Things seem a little brighter on the education front in Central Alberta with an NDP government in the wings.
The party, about to form the next majority government in Alberta under the leadership of Rachel Notley, placed education funding as a priority during the election campaign.
Joel Ward, Red Deer College president, said on Wednesday that he was very pleased that the New Democratic Party had promised to restore post-secondary funding that had been cut.
As well, while the former Progressive Conservative government had suggested they might remove tuition caps in 2016-17, the NDP talked about a freeze on tuition and fees.
“That is of great interest to us and to our students.”
However the PCs’ freeze on salaries is a different approach than the NDPs when it comes to collective agreements, and this will affect the college financially, he said.
But Ward suspects the PC plan to cut funding up to 2.7 per cent next year is going to change. “The NDP has said they are interested in providing predictable, stable funding and that’s important for us as we do our long-term plan.
“For post-secondary education, I’m very much enthusiastic about what I’ve heard from the NDP and what their passions are about education, and we at Red Deer College are willing and able and anxious to sit down with them,” Ward said.
“We believe there have been cuts that have really impaired our ability to serve our learners over the last number of years and this is a fresh government looking at new ideas and we’re very much interested in … finding ways to work together and to make their promises a reality.”
For the 2015-15 school year, the college has prepared a balanced budget based on a 1.4 per cent reduction in funding.
“Our current premier-elect is thoughtful and articulate and bright. She will take her time. She will get the best advice and she will make the right decisions as she sees fit, but I don’t believe they have the capacity to make the change that will affect Red Deer College by tomorrow,” said Ward.
Bev Manning, chairperson for Red Deer Public School District, said she thinks the new government will be a positive thing.
“We need to maintain our local autonomy and the ability of boards to make those decisions locally. We understand that there’s some difficult financial decisions to be made both provincially and locally.
“All we were asking for all along was to not tie our hands to be able to respond to the decrease in funding. We felt the budget that the (Progressive Conservatives) were bringing forward just really put us in a straitjackets as far as what we could do.
“If the purse strings are opened a little bit, that’s great. I think my message currently is we’re going to stay the course. We’re going to see what the next few weeks and months bring, and we’re going to work not only with the government but also with our community to make the best possible decisions in a time of restraint.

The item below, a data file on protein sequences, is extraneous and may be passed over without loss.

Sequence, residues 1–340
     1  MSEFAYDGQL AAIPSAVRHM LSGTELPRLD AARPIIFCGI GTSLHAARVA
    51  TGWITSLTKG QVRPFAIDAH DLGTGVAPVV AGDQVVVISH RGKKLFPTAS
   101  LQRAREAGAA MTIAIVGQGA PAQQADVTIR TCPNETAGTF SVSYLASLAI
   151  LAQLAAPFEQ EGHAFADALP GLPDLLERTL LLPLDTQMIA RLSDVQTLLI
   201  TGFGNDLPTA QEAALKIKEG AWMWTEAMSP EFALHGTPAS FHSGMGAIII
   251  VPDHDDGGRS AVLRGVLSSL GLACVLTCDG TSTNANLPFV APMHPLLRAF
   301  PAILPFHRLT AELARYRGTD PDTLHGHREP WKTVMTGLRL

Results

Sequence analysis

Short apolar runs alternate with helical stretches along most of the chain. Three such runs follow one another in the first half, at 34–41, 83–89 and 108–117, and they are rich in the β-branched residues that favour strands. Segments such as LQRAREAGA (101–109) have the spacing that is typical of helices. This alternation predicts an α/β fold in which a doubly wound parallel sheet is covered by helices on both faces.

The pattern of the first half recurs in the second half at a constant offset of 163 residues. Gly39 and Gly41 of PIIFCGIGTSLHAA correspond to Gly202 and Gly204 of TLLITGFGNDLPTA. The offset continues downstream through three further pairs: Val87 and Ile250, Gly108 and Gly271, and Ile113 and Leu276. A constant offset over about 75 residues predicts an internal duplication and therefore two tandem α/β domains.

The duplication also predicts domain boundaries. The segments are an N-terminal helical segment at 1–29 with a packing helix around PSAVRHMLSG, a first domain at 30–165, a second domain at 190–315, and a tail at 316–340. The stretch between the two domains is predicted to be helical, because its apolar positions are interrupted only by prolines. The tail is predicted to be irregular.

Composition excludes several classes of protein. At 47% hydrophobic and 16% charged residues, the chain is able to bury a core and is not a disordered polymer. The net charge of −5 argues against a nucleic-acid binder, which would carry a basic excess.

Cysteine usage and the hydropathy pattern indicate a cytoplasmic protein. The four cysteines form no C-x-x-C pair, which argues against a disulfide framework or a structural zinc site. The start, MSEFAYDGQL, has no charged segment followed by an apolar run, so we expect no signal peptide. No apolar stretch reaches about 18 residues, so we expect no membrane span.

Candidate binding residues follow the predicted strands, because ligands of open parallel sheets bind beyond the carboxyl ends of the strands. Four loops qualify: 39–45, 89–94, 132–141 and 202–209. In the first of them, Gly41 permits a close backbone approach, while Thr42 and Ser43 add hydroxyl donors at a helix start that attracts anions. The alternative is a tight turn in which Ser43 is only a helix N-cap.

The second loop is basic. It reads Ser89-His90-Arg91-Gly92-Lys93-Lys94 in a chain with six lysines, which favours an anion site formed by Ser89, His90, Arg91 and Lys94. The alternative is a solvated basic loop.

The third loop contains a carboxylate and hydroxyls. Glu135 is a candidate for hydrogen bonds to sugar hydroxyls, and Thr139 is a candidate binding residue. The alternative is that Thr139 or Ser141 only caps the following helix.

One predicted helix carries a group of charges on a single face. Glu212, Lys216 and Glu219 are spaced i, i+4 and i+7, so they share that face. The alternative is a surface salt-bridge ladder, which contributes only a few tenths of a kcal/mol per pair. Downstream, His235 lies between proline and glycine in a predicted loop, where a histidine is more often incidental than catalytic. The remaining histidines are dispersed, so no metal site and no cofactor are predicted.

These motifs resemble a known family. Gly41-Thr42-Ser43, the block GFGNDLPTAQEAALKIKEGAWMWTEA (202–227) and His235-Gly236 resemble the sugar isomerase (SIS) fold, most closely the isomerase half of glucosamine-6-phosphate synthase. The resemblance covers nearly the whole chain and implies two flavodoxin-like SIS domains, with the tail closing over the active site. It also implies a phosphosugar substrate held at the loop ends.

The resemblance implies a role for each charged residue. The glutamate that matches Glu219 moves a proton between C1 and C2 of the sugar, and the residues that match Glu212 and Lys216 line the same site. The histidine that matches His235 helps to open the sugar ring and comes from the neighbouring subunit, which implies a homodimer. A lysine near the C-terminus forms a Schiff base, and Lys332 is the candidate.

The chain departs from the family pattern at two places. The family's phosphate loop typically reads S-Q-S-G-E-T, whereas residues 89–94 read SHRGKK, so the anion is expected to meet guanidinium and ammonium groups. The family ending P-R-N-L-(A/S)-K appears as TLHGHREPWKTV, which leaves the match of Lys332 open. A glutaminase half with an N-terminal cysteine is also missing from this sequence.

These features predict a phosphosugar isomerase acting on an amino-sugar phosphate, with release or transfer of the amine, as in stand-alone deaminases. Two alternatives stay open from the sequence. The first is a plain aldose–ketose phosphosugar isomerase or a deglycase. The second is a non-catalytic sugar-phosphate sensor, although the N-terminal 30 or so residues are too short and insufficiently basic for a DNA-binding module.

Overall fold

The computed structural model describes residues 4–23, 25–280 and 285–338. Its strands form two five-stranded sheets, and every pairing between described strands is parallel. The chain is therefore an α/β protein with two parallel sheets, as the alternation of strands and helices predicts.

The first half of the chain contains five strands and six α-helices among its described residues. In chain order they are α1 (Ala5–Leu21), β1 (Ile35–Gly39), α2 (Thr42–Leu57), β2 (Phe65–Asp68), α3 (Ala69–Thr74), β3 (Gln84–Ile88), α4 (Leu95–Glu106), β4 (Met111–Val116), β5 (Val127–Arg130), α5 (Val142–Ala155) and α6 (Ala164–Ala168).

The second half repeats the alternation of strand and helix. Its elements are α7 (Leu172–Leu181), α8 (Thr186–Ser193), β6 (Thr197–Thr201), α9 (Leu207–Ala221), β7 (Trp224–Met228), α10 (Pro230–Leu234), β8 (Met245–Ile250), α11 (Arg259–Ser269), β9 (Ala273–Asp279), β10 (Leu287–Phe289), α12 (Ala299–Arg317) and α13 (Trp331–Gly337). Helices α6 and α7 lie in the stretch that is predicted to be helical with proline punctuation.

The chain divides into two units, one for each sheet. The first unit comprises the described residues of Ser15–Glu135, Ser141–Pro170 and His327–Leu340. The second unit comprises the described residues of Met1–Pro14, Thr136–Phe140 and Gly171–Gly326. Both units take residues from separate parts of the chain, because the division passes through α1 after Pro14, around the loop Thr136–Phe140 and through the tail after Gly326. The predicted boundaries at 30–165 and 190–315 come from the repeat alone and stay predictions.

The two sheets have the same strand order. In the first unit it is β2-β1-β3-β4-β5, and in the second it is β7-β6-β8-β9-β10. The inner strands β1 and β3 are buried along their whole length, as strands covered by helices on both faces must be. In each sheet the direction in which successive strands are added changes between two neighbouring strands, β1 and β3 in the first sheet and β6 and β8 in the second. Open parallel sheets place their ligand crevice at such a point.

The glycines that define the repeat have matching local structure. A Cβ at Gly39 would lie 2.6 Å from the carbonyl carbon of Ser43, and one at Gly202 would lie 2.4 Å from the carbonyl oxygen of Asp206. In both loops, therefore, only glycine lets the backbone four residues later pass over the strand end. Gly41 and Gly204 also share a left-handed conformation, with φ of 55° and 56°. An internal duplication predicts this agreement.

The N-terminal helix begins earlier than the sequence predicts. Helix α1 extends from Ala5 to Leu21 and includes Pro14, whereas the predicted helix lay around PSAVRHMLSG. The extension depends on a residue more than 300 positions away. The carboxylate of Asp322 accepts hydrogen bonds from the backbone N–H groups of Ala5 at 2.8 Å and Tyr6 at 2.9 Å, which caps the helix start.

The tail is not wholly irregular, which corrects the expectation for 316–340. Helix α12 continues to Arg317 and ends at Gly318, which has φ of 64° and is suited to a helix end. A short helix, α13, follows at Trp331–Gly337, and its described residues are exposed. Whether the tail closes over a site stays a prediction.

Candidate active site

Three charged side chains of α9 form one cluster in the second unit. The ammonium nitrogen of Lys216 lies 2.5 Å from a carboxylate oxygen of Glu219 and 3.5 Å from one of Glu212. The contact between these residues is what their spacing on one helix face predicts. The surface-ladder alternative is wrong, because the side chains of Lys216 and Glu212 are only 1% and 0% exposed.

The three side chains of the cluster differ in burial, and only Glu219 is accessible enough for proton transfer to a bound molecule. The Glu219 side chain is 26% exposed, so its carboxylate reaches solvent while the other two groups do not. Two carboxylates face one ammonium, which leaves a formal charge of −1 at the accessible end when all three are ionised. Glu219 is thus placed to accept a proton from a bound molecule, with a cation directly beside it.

“I felt that under the PC government we’ve really struggled to be able to maintain the power to make the decisions that our local electorates asked us to make. We are the people in our community who understand what Red Deer people want … the PC government was very good at changing the rules in the middle of the game and being very reactionary to certain situations and I would rather be proactive, make the plans, stick with the plans. Yeah, you may have to adjust the plans, but don’t change the rules on us.
“Hopefully, the NDP government will come forth with a good plan and we’ll be able to stick to it,” said Manning.
One of the concerns school boards across the province had with the PC budget, introduced just before the election was called, was there would be no new funding for teachers and other resources needed to deal with 12,000 new students expected next year.
Chinook’s Edge School Division board chairperson Colleen Butler said the NDP promise to correct this makes her optimistic.
As well, the PCs planned a three per cent reduction in the non-teaching aspect of schools’ budgets and that would have affected things like facilities maintenance, teacher aides, transportation and inclusion.
“All of those things were going to be very hard hit,” Butler said.
Chinook is expecting about 128 new students next year, which should have meant at least $800,000 in new grant funding from the province. But the PC budget had no funding for new school enrolment.
“What do you do with them? You can’t put teachers in front of them. You can’t put them in a classroom because there’s no teacher because you can’t fund them.
“So then your class sizes go up and you can’t afford the support as in the teacher aides, the inclusion portions, all of that, all of that was in jeopardy.
“We just felt that this (PC) government really didn’t understand the rural perspective that we deal with,” Butler said.
The school district is hoping the NDP will fund education in a sustainable and predictable way.
“As school boards we have been asking for this for years … so we know what’s coming and can plan around it. … You can’t just throw out 12,000 kids and say ‘Well here you go but we’re not going to fund them. You figure it out.’ ”
“We’re very optimistic that we will be able to work well with this new government,” Butler said.